Just a few days ago, Beijing abruptly halted Ant Group’s highly anticipated $37 billion IPO, a sign of the authorities’ heightened oversight over the fintech industry.

In response to the new anti-monopoly draft rules during their earnings call, Tencent President Martin Lau Chi-ping pointed out that the regulations emphasized fair competition and promoted innovation, citing a “a balance of interest for all stakeholders” as the spirit of the paper. 

He also added that the regulation is not new nor unique to China, and that it aligns with Tencent’s business strategy and philosophy. 

“As technology companies become bigger and more important to the economy … more regulations to reflect the new reality are needed,” he said, adding that the company has pledged cooperation with the regulatory authority. 

“We believe the government is still supportive of the Internet and the technology industry, especially the innovation that’s driven by the industry. But the intention is to prevent misconduct and also ensure long-term healthy growth for the industries,” he said.

Meanwhile, the company attributed the slow growth rate of Tencent Cloud and other corporate services to the lingering impact of the pandemic, which caused delays in project delivery and new contract signing.

SEE ALSO: Tencent-backed Esport Star Honor of Kings DAU Reaches 100 million

Ma Huateng, Chairman and CEO of Tencent, said in a press release that the third quarter of 2020 marked the second anniversary of the company’s strategic organization upgrade, intended to enhance its strength in Consumer Internet and extend its presence to Industrial Internet.

“While the upgrade was designed to bear fruit over the long run, we are already seeing initial benefits in areas such as consolidating our advertising services, rejuvenating our product and content platforms, growing our cloud and SaaS businesses and building an internal open source code base,” he said.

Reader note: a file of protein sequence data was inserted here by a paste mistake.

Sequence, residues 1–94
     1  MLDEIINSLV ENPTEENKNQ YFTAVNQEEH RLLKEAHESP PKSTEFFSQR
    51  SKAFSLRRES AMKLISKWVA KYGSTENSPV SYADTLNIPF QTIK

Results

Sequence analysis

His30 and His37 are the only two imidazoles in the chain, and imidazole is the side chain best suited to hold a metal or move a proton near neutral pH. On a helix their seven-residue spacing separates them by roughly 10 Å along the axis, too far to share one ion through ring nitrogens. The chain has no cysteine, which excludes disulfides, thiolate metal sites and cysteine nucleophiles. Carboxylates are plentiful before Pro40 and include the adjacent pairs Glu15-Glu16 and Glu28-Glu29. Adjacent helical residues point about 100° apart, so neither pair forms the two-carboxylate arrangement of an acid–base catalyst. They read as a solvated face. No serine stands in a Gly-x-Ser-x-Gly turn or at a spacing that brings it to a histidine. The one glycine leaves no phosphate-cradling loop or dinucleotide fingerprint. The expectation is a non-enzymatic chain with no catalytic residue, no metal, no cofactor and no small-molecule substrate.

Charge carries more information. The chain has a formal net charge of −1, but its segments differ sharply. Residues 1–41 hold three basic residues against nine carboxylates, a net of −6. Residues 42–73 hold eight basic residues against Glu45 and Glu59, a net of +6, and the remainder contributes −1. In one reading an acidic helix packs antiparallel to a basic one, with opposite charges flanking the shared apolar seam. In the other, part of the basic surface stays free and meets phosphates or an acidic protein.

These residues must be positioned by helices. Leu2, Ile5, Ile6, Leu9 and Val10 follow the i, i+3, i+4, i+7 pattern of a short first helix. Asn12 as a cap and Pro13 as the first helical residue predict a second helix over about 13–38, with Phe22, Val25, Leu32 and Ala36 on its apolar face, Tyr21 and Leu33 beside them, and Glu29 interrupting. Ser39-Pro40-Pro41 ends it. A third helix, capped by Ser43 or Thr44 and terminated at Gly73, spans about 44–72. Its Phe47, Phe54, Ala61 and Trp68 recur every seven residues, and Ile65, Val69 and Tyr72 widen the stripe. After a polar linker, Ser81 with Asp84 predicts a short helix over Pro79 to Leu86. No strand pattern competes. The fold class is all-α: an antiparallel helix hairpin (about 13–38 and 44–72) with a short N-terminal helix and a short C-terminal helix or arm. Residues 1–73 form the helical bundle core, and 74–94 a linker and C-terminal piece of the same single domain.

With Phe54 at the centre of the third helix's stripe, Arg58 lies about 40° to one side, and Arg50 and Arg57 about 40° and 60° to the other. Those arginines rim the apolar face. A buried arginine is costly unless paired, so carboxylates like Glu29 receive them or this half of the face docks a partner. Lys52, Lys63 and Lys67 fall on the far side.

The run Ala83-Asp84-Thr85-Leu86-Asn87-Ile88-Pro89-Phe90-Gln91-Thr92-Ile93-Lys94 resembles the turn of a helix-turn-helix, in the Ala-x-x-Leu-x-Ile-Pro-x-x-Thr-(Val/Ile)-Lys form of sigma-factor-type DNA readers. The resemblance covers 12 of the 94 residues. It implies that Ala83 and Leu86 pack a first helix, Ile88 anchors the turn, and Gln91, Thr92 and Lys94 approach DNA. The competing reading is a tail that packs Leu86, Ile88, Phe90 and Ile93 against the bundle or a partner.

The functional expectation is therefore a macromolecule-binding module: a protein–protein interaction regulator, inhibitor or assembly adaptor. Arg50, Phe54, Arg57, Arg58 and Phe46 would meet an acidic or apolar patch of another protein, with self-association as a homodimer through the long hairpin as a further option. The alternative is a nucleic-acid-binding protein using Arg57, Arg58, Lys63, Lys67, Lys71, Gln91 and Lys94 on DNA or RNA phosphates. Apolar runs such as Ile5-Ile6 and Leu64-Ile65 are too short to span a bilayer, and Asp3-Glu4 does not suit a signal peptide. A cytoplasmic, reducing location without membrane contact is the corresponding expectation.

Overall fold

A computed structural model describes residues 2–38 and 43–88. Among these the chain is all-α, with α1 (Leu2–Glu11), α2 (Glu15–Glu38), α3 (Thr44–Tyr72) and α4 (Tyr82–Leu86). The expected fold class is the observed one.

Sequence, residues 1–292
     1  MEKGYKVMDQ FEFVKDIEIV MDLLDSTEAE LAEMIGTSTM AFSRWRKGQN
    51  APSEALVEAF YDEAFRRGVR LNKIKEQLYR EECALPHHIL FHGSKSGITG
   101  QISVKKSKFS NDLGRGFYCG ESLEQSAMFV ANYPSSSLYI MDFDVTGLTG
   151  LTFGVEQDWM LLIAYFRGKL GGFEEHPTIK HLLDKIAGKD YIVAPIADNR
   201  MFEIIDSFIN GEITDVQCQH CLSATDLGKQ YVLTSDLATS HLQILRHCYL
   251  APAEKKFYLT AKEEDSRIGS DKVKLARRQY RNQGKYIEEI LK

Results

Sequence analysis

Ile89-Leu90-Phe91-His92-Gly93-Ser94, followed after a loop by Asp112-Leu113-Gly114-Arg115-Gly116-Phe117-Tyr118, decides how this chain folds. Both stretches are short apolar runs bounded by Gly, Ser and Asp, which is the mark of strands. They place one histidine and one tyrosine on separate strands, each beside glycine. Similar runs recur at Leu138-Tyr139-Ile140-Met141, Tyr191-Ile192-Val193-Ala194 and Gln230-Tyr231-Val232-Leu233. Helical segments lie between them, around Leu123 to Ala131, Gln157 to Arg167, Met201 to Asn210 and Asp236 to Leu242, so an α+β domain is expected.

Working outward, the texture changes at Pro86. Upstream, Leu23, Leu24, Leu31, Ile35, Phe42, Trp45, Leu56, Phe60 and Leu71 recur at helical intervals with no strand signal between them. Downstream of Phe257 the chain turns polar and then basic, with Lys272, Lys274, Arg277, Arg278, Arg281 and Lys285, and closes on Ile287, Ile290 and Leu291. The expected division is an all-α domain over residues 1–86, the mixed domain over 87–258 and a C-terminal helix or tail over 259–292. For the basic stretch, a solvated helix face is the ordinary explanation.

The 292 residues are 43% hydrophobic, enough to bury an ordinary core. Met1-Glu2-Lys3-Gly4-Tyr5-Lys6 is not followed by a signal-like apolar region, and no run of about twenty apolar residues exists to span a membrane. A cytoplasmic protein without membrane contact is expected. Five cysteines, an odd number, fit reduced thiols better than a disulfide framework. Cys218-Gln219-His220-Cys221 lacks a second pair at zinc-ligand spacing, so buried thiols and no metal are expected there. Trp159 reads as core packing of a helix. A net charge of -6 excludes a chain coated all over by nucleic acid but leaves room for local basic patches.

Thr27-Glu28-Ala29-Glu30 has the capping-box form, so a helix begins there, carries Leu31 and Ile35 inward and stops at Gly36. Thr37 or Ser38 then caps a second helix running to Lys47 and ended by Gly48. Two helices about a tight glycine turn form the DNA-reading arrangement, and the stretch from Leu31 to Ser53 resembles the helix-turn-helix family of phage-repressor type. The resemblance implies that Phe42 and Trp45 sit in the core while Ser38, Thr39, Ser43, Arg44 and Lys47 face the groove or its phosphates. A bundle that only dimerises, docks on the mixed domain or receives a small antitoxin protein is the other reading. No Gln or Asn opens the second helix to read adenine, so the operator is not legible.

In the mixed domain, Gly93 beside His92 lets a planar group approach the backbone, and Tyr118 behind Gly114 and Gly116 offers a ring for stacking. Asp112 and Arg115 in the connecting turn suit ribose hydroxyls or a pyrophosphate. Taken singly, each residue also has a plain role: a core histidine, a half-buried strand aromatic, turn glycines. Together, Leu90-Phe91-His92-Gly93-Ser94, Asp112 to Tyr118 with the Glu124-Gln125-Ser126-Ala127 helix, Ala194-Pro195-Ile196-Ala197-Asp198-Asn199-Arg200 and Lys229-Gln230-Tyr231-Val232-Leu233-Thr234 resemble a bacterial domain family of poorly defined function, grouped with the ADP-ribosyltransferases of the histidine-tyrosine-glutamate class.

Tencent’s better-than-expected results came as the company recovered from an announcement from Chinese antitrust regulators to curb the dominance of the country’s tech giants.

The guidelines unveiled by the State Administration for Market Regulation sent shares tumbling in Hong Kong on Tuesday. Meituan’s shares fell more than 11% following the news, while Alibaba’s and Tencent’s fell 5% and 4% respectively. JD.comwas also down more than 8%.

Just a few days ago, Beijing abruptly halted Ant Group’s highly anticipated $37 billion IPO, a sign of the authorities’ heightened oversight over the fintech industry.

In response to the new anti-monopoly draft rules during their earnings call, Tencent President Martin Lau Chi-ping pointed out that the regulations emphasized fair competition and promoted innovation, citing a “a balance of interest for all stakeholders” as the spirit of the paper. 

He also added that the regulation is not new nor unique to China, and that it aligns with Tencent’s business strategy and philosophy. 

“As technology companies become bigger and more important to the economy … more regulations to reflect the new reality are needed,” he said, adding that the company has pledged cooperation with the regulatory authority. 

“We believe the government is still supportive of the Internet and the technology industry, especially the innovation that’s driven by the industry. But the intention is to prevent misconduct and also ensure long-term healthy growth for the industries,” he said.

E-commerce platform Pinduoduo, in which Tencent has a stake of 16.5%, also reported a surge in revenue on Thursday. The Shanghai-based company posted a 89% year-on-year revenue growth to 14.2 billion yuan ($2.1 billion).